I want Russia to be a boring country – at least for the next few decades. In the twentieth century, Russia set an unquestionable record for all sorts of upheavals and social experiments that attracted the world’s attention. A time-out is essential.
This objective seemed to be entirely within reach – or at least possible – until the first half of 2003. Foreign correspondents accredited in Moscow complained that nothing was happening in Putin’s Russia. Investment in the Russian economy was growing fast. Unfortunately, Russia’s rulers are not accustomed to leaving the country and the rest of the world for long without something surprising to gawk at.
Instilling a feeling of insecurity is the best way to scare your population into submission and frighten away potential investors. How democratic or undemocratic a regime is usually doesn't bother investors. All they need and care about is stable, predictable rules.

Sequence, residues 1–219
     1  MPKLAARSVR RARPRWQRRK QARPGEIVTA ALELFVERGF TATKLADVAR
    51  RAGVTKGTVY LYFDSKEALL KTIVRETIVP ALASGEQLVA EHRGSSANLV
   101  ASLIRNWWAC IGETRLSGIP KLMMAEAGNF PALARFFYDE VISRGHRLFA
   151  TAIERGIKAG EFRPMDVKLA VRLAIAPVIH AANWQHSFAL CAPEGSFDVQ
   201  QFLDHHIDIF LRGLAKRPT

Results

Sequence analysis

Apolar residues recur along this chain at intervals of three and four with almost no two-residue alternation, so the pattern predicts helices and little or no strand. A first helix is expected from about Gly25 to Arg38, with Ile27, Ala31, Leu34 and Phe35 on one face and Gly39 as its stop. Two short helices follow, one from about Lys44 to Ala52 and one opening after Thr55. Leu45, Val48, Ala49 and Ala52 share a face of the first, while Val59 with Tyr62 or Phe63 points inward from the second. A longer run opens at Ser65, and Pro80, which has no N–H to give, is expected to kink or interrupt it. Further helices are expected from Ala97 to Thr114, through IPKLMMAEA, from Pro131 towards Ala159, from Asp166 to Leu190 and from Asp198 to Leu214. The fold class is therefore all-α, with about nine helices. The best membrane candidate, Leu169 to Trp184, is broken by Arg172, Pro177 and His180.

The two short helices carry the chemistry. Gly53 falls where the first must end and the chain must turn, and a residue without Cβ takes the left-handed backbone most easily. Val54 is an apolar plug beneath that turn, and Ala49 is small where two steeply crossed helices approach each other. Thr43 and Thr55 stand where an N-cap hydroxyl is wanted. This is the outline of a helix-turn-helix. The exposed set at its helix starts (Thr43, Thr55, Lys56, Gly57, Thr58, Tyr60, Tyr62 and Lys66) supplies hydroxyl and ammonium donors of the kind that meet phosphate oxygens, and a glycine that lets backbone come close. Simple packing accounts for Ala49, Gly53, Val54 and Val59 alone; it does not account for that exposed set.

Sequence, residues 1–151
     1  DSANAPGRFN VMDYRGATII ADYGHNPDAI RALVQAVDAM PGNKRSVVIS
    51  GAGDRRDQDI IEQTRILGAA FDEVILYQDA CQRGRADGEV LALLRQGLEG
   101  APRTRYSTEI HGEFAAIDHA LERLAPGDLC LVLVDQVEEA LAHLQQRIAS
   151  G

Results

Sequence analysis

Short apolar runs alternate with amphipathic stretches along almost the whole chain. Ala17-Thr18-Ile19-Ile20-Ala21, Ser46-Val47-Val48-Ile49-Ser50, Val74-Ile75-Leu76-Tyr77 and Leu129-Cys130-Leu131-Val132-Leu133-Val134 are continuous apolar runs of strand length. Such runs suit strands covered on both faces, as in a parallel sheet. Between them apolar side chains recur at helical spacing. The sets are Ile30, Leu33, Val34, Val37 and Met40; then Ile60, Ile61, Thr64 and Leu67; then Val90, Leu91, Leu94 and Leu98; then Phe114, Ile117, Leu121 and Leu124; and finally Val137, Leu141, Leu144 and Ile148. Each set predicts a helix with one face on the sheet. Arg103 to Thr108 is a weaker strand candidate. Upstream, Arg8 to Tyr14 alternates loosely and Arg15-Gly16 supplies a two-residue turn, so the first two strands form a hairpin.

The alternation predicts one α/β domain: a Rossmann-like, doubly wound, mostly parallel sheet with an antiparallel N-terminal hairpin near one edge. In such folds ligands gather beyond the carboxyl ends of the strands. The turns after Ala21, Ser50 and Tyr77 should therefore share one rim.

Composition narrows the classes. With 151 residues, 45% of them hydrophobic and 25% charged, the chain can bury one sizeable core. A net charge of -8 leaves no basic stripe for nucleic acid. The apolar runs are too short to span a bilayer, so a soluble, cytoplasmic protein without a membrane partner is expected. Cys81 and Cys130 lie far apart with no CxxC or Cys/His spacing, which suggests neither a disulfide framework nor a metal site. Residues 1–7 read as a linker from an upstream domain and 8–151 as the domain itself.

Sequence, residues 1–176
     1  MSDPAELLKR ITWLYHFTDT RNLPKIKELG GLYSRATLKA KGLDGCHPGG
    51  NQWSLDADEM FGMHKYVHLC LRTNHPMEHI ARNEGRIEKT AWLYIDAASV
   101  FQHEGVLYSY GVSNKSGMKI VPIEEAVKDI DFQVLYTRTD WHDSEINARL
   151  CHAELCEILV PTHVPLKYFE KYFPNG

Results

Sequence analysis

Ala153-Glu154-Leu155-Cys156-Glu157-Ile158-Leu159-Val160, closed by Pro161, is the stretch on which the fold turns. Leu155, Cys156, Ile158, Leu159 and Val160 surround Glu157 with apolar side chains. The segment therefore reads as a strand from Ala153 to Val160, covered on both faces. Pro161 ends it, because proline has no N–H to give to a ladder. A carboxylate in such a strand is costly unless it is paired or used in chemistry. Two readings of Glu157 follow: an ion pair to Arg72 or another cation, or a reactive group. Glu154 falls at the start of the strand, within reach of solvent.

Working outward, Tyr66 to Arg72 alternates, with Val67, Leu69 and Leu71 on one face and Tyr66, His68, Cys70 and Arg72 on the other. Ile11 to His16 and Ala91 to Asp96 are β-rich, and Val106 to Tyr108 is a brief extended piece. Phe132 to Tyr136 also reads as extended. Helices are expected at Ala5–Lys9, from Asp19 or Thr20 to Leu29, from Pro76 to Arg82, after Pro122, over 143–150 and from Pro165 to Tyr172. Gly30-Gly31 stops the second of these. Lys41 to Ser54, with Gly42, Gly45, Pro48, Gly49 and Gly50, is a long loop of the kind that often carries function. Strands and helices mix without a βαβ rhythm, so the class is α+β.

Indeed, the watchword among major investors is inertia. It takes time to reach a decision on whether or not to invest in a project, and once an investment decision is made, it becomes rather difficult to stop the process quickly. Russia’s government is now doing its best to prove that, while difficult, it is possible to defy the laws of business physics and kill investments that are already in the pipeline.